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Five Things to Consider before Building a Riding Arena

If you’re thinking about constructing a riding arena, we’ve outlined five things that you should consider before you start building.

1. Location

Before building your riding arena, it’s essential to consider the whole layout of your site. You don’t want to compromise on size or location due to it not fitting in your chosen area.

Determine whether there are any hedgerows or trees close to the arena. Fallen leaves can contaminate your surface if not removed, and growing roots can affect foundations.

While shade is a welcomed bonus during the summer, it’s important to remember that these areas will take longer to thaw during heavy frosts.

You can build your arena on almost any type of ground, but it’s best to avoid rocky and boggy areas. They generally require more time and financial investment to make them suitable, so it’s sometimes easier to choose a different location.

2. Size

When deciding on the size of your riding arena, bigger isn’t always better. It’s essential to consider your requirements carefully, including factors like restrictions imposed by your chosen location or the type and level of maintenance it will require.

The most popular arena size is a 20m x 40m, but keen dressage riders might prefer a 20m x 60m. Generally, jumping requires extra width, so a 30m x 40m or 30m x 50m may be more suitable.

3. Drainage

The base of your equestrian arena is the most crucial aspect of your build. If not constructed correctly, you are likely to experience drainage issues that can also affect your surface’s performance. If built well, you should only ever have to replace the footing and fencing.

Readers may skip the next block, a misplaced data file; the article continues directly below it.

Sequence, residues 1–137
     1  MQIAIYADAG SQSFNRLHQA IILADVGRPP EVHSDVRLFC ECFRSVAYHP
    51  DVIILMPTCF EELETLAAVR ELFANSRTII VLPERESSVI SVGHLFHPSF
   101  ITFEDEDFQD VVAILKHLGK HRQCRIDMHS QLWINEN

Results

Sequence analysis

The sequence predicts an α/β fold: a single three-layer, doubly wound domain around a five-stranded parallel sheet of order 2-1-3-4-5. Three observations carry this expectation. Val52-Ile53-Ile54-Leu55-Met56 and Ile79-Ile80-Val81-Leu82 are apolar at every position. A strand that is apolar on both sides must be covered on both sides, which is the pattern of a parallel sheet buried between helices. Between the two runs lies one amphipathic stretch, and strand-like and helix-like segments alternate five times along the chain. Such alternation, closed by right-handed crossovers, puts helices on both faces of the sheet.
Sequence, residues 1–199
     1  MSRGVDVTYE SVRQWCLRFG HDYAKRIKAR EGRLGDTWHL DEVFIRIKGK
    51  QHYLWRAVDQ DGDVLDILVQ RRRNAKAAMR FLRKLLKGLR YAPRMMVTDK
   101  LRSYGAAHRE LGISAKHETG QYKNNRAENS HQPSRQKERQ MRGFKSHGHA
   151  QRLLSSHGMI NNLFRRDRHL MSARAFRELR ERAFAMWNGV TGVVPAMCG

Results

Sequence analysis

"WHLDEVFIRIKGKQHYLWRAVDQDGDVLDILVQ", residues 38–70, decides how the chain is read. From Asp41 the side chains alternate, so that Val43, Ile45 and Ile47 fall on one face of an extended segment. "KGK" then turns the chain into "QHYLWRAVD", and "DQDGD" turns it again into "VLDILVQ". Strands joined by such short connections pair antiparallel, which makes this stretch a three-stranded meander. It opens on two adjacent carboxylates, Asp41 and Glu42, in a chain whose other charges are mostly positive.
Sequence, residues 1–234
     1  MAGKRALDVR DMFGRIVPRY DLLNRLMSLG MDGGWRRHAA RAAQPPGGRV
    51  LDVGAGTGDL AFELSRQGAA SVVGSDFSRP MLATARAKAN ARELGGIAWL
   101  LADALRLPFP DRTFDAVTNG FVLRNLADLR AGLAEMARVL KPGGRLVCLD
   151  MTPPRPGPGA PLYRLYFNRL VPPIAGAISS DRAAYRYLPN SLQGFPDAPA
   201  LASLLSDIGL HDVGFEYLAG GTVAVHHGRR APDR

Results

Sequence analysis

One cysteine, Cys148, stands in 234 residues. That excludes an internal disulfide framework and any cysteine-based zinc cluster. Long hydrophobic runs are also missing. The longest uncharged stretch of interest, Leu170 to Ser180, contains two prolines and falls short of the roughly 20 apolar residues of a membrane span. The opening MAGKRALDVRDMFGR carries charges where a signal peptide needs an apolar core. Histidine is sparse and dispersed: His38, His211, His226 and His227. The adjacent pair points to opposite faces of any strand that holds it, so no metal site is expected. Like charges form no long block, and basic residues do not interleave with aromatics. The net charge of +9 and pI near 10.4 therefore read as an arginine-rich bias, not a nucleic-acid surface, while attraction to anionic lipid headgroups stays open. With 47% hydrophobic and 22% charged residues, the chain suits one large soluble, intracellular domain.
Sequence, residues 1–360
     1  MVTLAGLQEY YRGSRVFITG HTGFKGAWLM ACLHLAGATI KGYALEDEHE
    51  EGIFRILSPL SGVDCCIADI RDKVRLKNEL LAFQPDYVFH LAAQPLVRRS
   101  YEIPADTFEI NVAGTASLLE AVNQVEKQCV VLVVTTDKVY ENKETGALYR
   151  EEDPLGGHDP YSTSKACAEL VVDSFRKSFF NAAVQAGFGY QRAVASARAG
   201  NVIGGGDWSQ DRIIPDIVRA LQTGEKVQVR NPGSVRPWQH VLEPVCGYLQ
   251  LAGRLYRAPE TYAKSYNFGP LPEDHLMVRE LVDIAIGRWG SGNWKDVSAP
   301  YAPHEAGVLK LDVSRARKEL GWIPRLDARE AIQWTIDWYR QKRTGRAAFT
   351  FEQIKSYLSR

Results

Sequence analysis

We’ve created a handy five-part guide that provides step-by-step instructions on how to build a riding area. You can view it on our guides page by following the link provided.

 

View guide

4. Surfaces

We know that selecting the right surface for you and your horse can be challenging, especially with so many options now available. Each surface will have positives and negatives, so it’s best to decide what characteristics are most important to you. Things you should consider are:

Price

Always buy the best surface you can within your budget. If you have to remove and replace a cheaper footing that doesn’t work, you’ll end up paying more in the long run!

Size

If your budget is limited, you may have to compromise on the size of your arena to afford that glorious waxed surface you’ve always wanted or vice versa!

Type

Most surfaces are suitable for outdoor use, but ideally, you should use a waxed footing for an indoor school. Wax provides increased levels of support and stability in dry conditions.

Use

Busy yards and equestrian centres may benefit from a wax footing, as they require less maintenance and provide good durability. While small or private yards might prefer a non-waxed surface or sand and rubber.

Need help to decide?

Our experienced team can talk through your requirements with you and recommend a suitable surface. Simply gives us a call on our freephone number 0800 044 8101 or complete our contact form, and a member of the team will be in touch.

5. Planning

Most arena installers can complete this process for you. However, if you decide to do this yourself, please be aware that planning permission can take a couple of months to be approved.

One of the most common reasons for rejection is lighting; if illumination affects nearby neighbours or roads, you may have your planning permission denied. Planning authorities may also place restrictions on the colour or type of surface you can use, especially in Areas Of Outstanding National Beauty.